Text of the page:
10 of the Best “Makeovers” in Literature


Yesterday, Emma Straub’s excellent debut novel Laura Lamont’s Life in Pictures waltzed onto bookshelves everywhere. We loved the book, which follows a young girl’s rise to stardom in Old Hollywood, as she transforms from a sunny country bumpkin to a savvy brunette bombshell to something else entirely. Inspired by the novel, which is full of many transformations, both literal and somewhat more metaphorical, we’ve put together a few of our favorite makeovers in literature — from the kind achieved with a little spit and polish to the sort that requires a vast internal sea change. Click through to see which we picked, and let us know if we missed your favorite in the comments.

Pygmalion , George Bernard Shaw

The non-English majors among you may know this play better in one of its more modern incarnations: My Fair Lady and She’s All That, among others (though of course the play itself is based on the Pygmalion myth, in which Pygmalion falls in love with a sculpture of his own making). But Shaw’s play, meant as commentary on the British class system in the early 1900s, is the original story of renowned linguist Henry Higgins, who bets his friend that he can turn a Cockney street rat into a charming lady. He succeeds, of course, but (unlike in any of the film adaptations) he does not fall in love with her. How refreshing.

The Great Gatsby , F. Scott Fitzgerald

Gatsby’s makeover happens off the page, and it happens before the drama of the novel, but it’s still one of the most memorable makeovers in literature. Maybe it’s the whole American-ness of it that appeals to us — a young Gatsby, horrified by the indignity of poverty, reinvents himself, getting rich by hook or by crook (mostly by crook) and then re-emerging into society as a man of high birth and old money. The veneer may not be perfect, but what veneer ever is?

Orlando: A Biography, Virginia Woolf

There’s no makeover montage in Woolf’s novel, no harried trainers, no years of personal growth. Orlando simply falls asleep (for several days, we admit) and wakes up as a woman. Then, she must negotiate her new form, realizing all the wonders (and discomforts) of female-hood, before settling into a life of fluid gender roles, switching between men’s and woman’s dress as she pleases.

Cinderella , The Brothers Grimm

But of course. The folk tale of Cinderella has been told and retold by many people over the centuries, but we’ve always been partial to the slightly-bloodier-than-average Grimm version (all that foot slicing), in which it is just a bird with a dress and some shoes that transforms Cinderella, not a full-on fairy godmother. Sure, it’s less of a classic “makeover” if you have to do your own hair, but it’s much more impressive.

Martin Chuzzlewit , Charles Dickens

Well, color us impressed. In one of Dickens’ own favorite novels, roguish scam artist Montague Tigg manages to parlay his one attribute — a pocket watch Martin Chuzzlewit tossed his way — into a whole new Montague Tigg. Er, Tigg Montague that is, respected businessman, and perpetrator of one of the first Ponzi schemes (much before Ponzi himself was born, of course).

The Hunger Games , Suzanne Collins

Now, Katniss’ makeover is a true makeover in the classic teen-movie sense — professional, if grotesque, beauticians crowd around her, plucking every stray hair and designing an entire new look, a stylist makes her clothes to suit her particular body shape and personality. They’re made out of fire, which is slightly less classic, but much more interesting than just a black tube dress or something. And like any good tomboy, Katniss resists at first, but then, hey, kind of likes what she sees. Which doesn’t stop her from kicking ass in it.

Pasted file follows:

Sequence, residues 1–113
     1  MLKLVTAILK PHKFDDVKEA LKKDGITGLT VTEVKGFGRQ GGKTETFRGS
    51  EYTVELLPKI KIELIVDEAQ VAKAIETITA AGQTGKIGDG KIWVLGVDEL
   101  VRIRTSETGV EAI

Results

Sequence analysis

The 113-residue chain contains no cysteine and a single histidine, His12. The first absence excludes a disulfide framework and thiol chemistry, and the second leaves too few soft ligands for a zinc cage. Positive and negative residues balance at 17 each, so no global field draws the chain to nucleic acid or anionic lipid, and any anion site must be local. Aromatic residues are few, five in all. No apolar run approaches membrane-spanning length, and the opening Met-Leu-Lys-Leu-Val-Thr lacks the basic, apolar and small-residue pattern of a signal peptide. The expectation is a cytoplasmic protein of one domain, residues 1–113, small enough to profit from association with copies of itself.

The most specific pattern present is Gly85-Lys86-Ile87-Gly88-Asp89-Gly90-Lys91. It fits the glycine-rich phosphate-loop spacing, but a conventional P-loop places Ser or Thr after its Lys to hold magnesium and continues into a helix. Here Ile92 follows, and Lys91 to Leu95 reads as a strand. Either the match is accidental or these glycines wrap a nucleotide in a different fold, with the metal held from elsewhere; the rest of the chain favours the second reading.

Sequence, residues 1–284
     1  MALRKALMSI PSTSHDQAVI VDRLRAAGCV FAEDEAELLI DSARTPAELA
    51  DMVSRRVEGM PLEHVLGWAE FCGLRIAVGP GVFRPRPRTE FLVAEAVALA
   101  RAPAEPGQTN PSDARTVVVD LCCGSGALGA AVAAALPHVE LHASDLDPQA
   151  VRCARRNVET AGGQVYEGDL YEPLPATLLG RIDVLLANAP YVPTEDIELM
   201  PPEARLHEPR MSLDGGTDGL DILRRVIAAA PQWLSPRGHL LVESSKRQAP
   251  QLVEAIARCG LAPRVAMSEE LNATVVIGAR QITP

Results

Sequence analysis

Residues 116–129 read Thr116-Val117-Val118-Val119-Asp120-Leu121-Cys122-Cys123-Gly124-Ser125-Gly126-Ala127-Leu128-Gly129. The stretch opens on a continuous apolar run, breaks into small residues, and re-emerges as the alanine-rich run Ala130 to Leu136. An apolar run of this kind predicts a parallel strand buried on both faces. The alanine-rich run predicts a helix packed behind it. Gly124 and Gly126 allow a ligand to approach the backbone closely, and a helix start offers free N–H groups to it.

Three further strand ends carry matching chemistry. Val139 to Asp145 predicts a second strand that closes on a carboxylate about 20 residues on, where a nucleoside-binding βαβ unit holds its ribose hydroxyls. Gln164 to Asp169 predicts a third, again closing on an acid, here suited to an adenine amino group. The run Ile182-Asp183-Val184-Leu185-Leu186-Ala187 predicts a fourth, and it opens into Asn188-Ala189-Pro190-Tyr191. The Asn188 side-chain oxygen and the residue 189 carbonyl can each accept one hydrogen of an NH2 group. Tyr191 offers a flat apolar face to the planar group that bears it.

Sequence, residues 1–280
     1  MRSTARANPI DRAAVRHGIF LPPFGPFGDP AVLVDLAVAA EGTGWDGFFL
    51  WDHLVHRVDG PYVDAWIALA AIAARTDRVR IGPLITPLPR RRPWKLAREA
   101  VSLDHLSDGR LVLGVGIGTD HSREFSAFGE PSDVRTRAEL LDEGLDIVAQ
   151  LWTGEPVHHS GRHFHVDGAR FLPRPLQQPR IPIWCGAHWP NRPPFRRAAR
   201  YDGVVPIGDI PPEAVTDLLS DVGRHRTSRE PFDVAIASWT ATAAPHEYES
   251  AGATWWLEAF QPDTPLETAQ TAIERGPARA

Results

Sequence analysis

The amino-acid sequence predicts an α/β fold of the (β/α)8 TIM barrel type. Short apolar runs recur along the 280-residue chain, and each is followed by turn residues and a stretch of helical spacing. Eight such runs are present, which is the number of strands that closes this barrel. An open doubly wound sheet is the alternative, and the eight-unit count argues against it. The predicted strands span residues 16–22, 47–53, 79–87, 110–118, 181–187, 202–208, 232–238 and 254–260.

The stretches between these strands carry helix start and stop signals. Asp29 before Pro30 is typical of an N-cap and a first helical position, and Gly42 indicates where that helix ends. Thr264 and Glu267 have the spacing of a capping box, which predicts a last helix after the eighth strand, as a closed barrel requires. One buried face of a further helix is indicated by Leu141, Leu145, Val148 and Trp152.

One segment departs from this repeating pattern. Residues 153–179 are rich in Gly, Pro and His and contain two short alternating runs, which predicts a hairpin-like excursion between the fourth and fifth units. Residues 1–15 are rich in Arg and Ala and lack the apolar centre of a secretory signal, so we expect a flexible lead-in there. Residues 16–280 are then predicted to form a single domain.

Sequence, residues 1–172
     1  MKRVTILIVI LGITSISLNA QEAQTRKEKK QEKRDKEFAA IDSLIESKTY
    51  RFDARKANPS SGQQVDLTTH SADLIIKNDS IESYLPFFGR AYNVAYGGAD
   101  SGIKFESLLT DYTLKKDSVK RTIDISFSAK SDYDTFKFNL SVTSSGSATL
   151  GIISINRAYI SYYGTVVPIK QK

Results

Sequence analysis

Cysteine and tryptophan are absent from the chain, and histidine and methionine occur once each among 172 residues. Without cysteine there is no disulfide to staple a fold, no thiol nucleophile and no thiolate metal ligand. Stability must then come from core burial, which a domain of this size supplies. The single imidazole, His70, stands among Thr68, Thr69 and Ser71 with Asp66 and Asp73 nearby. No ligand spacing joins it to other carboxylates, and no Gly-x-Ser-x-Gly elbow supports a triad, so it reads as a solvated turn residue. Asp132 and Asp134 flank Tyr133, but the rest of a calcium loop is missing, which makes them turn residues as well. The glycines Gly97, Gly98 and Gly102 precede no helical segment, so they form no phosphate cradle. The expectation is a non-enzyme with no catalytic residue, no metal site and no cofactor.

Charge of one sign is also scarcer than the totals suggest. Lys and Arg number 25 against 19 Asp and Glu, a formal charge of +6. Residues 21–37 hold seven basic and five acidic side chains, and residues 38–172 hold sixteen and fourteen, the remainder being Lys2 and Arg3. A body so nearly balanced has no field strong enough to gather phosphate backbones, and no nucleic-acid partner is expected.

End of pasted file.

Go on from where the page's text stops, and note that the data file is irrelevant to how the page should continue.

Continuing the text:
Les Misérables , Victor Hugo

When the novel begins, Jean Valjean has just been released from a 19-year prison term (to which he was condemned for stealing a single loaf of bread to feed his starving family, natch). Touched by the kindness of a Bishop, he makes a promise to do good with his life — cut to six months later, when he is Monsieur Madeleine, a wealthy and benevolent factory owner and the mayor in Montreuil-sur-Mer. His epic strength, however, threatens to give him away. That’s what you get for saving people from carts.

Harry Potter and the Goblet of Fire , J.K. Rowling

We know, we know. But come on — that moment when nerdy, bushy-haired Hermione comes down the stairs looking like the prettiest girl in school (which she’s always been, really, under all those books), and Ron’s jaw hits the floor? It’s like crack for nerdy bookworms everywhere.

The Count of Monte Cristo , Alexandre Dumas

After Edmond Dantès escapes from prison, he makes his way to the island of Monte Cristo, finds his buried treasure (just where the Mad Priest said it would be), then buys himself a yacht, a title, and oh yes, the entire island of Monte Cristo, and there you go: Count-in-a-box. Easy as escaping from prison in someone else’s burial sack.

The Little Mermaid , Hans Christian Andersen

You all know this story — but perhaps not the Hans Christian Andersen version. Indeed, the Sea Witch gives the Little Mermaid a potion that will transform her into a human (minus her tongue), but what the girl is really, truly after isn’t the trappings of humanity, or the love of a prince, but the soul that comes with a pair of legs. She gets it, in the end, but not in the way you might think.